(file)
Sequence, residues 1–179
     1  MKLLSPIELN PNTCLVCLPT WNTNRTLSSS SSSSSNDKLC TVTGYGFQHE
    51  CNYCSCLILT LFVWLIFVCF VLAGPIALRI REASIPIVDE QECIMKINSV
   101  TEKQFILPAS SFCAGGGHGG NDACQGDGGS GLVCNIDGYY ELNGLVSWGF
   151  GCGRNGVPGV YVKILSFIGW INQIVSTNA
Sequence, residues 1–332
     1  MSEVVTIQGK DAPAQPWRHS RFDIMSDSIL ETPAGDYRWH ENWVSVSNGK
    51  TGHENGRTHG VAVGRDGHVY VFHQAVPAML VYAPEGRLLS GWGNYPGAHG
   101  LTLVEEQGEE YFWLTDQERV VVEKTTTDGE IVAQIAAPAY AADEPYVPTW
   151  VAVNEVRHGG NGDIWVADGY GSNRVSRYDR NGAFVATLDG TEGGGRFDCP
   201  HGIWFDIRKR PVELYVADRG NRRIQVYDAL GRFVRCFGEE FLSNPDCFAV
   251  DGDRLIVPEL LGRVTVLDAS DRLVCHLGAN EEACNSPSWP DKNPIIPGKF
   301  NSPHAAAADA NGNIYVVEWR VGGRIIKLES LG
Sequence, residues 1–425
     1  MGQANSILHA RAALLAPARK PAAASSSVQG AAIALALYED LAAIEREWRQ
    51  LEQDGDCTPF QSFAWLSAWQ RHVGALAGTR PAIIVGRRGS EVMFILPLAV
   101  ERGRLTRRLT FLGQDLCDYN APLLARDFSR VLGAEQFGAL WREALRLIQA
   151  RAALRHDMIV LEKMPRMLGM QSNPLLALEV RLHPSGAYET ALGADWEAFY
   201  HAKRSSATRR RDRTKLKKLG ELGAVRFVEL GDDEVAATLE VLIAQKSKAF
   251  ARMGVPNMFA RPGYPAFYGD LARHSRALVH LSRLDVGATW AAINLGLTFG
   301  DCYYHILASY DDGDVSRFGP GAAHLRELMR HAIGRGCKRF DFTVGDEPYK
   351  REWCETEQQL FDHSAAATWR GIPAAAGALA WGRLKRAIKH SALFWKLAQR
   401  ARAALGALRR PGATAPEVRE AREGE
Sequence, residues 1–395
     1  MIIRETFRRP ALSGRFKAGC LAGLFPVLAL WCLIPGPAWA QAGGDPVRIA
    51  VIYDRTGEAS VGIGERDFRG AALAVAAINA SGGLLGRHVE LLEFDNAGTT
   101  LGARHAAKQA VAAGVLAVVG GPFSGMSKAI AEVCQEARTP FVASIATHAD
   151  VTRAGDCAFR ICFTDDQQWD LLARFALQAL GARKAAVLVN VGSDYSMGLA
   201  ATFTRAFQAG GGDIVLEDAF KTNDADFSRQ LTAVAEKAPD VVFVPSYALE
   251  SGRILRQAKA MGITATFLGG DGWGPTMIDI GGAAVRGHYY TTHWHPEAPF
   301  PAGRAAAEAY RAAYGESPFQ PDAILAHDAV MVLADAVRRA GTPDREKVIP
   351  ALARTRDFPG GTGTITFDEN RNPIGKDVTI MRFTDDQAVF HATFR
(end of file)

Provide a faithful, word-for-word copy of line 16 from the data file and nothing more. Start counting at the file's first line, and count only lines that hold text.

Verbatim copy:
    51  LEQDGDCTPF QSFAWLSAWQ RHVGALAGTR PAIIVGRRGS EVMFILPLAV